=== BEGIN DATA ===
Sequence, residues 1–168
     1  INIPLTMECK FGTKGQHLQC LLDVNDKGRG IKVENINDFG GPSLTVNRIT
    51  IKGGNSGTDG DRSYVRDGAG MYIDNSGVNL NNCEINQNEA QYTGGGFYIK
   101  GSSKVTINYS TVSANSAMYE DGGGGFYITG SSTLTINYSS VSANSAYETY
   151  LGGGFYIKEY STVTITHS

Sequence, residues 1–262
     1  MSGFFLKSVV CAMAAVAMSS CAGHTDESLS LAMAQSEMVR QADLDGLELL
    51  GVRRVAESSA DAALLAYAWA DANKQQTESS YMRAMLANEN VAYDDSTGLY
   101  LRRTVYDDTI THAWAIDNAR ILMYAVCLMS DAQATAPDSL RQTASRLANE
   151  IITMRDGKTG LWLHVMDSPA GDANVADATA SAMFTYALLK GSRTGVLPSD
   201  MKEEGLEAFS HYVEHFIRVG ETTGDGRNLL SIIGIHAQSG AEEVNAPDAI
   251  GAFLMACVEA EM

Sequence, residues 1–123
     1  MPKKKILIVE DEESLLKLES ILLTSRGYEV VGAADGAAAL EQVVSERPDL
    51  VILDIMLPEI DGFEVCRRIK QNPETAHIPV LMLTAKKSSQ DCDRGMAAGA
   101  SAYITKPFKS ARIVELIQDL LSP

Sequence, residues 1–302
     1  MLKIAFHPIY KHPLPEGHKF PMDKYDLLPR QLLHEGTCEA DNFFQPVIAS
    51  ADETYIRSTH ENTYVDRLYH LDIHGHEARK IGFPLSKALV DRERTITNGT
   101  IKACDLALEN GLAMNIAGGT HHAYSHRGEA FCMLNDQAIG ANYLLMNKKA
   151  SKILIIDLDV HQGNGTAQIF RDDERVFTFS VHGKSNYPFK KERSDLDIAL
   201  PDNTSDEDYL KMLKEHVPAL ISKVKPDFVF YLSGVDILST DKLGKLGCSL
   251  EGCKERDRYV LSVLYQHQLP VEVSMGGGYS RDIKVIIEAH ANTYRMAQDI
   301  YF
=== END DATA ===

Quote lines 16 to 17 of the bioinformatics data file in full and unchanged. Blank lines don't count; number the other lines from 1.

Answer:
   101  SAYITKPFKS ARIVELIQDL LSP

Sequence, residues 1–302